A Very Odd Grandfather” points out the limits of human knowledge—an unusual theme in Robert Merry’s Museum, which in its early years strove to present young readers with information on a wide range of subjects.

“A Very Odd Grandfather” (from Robert Merry’s Museum, November 1852; pp. 142-143)

“Grandfather, I want to ask you a great many questions,” said Caleb. “I should like to talk you about flowers and fruit, ships and mountains, and a great many other things.”

“But why do you come to me, Caleb? Why not ask your brother Robert, or your cousin Charles?”

“O, because they would not be able to tell me. You have lived so many years in the world, and are so very wise, and know every thing.”

“Know every thing! You must have made a mistake somehow or other. Know every thing! Why I do not even know how much money there is in the Bank of England; nor who it was that built the pyramids; nor why it is that the needle in the compass always points to the north: and I am sure that I do not know half so much of God’s goodness, and the evil of my own heart, as I ought to know.”

“Perhaps not, grandfather; but then you know more than other people, for you have been over the wide sea, and seen every thing.”

“Seen every thing! O, no! I never saw the emperor of Japan, nor the inside of a burning volcano, nor a sea-serpent a hundred yards long; and, besides these, there are other things that I never saw, for I never yet saw a wicked person that was truly and lastingly happy, nor a wise man who did not love his Bible.”

“Yes, grandfather; but I do not mean such things as those: you must have seen a great deal of the world, for you have been every where.”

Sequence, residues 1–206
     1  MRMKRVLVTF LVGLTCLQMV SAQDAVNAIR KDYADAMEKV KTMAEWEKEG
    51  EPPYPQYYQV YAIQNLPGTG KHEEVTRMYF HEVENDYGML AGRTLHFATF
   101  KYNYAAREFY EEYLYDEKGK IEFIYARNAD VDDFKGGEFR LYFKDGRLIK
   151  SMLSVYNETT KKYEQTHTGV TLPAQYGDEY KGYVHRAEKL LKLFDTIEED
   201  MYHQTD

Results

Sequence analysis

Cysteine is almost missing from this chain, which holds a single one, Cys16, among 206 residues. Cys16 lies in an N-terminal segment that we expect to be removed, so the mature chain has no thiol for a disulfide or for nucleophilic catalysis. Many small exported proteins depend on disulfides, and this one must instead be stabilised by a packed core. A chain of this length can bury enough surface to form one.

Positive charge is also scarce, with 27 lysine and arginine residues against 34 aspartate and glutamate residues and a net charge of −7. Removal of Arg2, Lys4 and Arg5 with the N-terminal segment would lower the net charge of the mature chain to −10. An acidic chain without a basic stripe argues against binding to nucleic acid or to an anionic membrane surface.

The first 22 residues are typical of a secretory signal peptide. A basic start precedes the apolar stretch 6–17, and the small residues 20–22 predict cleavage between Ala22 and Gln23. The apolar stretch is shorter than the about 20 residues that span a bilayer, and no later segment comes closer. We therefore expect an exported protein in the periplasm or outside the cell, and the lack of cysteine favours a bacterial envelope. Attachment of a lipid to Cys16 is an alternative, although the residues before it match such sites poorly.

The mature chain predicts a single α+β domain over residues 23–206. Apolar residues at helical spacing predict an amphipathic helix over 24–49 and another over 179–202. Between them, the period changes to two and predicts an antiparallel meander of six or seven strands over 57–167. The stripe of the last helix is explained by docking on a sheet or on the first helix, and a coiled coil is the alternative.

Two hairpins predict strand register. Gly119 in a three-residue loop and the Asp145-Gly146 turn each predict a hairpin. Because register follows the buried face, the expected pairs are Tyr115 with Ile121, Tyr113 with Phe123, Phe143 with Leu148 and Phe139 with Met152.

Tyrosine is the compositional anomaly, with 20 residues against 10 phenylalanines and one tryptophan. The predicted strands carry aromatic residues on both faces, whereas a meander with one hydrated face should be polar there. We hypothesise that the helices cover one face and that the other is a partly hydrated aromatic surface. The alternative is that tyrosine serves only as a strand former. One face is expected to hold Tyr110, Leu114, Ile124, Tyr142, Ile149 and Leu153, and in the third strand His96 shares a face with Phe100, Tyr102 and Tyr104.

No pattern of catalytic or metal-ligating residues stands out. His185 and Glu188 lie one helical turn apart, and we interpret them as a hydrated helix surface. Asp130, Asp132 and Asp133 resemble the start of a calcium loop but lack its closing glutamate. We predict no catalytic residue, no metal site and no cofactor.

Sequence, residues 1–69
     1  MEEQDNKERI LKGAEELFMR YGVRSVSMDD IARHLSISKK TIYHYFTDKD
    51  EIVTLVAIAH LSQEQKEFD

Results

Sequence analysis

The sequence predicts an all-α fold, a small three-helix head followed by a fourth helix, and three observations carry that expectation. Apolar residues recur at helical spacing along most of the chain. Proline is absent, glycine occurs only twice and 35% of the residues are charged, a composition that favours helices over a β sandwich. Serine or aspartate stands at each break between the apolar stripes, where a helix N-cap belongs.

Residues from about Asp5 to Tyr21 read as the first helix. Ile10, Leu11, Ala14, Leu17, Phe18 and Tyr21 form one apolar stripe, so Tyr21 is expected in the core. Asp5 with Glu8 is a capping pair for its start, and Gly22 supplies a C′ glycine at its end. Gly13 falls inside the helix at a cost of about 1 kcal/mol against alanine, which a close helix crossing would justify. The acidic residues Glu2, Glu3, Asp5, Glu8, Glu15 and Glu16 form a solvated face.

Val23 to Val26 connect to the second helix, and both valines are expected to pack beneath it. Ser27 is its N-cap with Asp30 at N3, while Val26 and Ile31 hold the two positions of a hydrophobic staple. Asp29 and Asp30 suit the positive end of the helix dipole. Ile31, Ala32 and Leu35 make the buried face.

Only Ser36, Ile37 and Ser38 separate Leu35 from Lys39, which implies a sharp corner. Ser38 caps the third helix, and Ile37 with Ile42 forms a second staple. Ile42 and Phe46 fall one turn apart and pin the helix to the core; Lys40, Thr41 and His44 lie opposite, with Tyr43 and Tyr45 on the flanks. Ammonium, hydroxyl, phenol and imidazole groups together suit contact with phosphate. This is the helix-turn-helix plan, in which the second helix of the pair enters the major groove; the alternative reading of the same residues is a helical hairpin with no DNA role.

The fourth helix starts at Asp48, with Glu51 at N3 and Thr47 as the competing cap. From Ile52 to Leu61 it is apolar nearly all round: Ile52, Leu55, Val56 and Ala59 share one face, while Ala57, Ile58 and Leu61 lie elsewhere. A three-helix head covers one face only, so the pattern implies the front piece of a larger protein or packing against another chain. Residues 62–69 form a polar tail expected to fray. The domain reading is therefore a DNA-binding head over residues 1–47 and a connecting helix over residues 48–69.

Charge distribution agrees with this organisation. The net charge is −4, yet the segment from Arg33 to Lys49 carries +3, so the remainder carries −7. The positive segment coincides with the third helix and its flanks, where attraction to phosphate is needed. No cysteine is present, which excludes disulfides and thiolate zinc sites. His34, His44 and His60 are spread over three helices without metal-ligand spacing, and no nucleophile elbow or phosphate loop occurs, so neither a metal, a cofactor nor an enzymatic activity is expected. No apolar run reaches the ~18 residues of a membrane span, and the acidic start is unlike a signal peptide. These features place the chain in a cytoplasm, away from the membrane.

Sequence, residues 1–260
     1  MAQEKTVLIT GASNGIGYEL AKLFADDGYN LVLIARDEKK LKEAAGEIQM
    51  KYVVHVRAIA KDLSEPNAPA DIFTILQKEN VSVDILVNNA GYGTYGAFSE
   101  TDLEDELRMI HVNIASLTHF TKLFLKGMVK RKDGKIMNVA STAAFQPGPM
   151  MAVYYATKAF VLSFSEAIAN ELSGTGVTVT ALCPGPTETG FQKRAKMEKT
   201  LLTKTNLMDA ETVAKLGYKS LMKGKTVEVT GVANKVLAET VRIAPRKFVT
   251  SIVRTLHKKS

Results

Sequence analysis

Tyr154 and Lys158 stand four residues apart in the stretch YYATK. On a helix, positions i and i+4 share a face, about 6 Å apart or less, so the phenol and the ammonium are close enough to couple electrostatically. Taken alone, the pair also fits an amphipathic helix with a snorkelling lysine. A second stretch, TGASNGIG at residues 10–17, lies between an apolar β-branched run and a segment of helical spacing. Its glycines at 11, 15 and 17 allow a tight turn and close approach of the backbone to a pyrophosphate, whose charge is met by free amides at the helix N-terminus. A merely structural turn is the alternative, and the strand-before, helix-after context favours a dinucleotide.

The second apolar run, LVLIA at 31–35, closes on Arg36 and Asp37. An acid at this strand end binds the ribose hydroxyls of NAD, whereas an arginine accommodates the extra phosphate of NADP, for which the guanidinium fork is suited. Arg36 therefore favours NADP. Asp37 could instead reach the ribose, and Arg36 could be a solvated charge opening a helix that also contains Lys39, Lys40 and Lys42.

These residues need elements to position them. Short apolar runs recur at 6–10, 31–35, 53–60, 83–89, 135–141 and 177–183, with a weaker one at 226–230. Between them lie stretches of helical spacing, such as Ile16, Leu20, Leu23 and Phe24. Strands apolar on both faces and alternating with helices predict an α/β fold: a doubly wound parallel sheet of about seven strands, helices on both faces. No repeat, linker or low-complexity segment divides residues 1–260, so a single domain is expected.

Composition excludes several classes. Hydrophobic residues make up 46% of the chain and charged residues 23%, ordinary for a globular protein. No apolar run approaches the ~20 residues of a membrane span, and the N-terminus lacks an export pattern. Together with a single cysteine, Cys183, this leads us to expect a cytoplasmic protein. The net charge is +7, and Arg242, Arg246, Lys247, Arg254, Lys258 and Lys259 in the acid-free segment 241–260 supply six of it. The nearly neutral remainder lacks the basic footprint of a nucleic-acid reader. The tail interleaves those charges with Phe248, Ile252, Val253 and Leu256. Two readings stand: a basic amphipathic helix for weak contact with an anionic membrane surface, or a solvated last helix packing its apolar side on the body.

p. 143

“Been every where! How came you to think so? I have never been to the bottom of the sea, nor to the top of the Andes, nor in the middle of the earth. I have never been in the lion’s den, nor in the closet of the queen’s chief counselors, neither have I kneeled down in a humble, prayerful spirit, half so frequently as I might have done.”

“Well, grandfather, whether you have been to those places or not, you have been to others and learned a great deal. Why, you can do almost every thing.”

“Do almost every thing! Why, if I could, I would heal all the sick, relieve all the poor, instruct all the ignorant, turn all the Jews, Turks, infidels, and heathen into Christians, and make you, Caleb, as happy as an angel.”

“Thank you, grandfather; I know that if you could do every thing you would do a great deal of good to every body. I never knew any body read so much as you do, you seem to have read every thing.”

“Read every thing! Why, I know next to nothing of High Dutch, very few words of Arabic and Chinese, and have never even read half the writing on the mummy cases in the British Museum. There are thousands of books that I cannot read thousands that I would not read if I could, and thousands that I have not read which I willingly would read had I the time and opportunity. I wish I had read ten times more than I have read of my Bible, Caleb; for then should I be a wiser man than I am, and most likely a much better and happier man.”

“I wish I had read half as much as you have. I wish I was half as wise; but that I never shall be. If you do not know every thing, you are able to find out every thing.”

“Find out every thing! I have never found out where the spectacles are that I lost a year ago, and know not where to look for them. I have not found out the missing ships at the north pole, nor yet made the discovery how to square the circle. And I am very sure, Caleb, that if I were to study for seven years together, I should never find out any other way to heaven than the way set forth in the Holy Scripture, even Jesus Christ, who is the way, the truth, and the life. You have given me credit, Caleb, for a great deal more than you ought to have done.”

After this playful discourse—for Caleb’s grandfather loved a little joking—he answered all his grandson’s questions in a sober, serious, and kind-hearted way, much to his delight. The time passed away very pleasantly, and as Caleb walked away he said to himself, “I do love grandfather very dearly, for he is one of the very best, very wisest, and very kindest men in the whole world; but still I do think that he is a very odd grandfather.”

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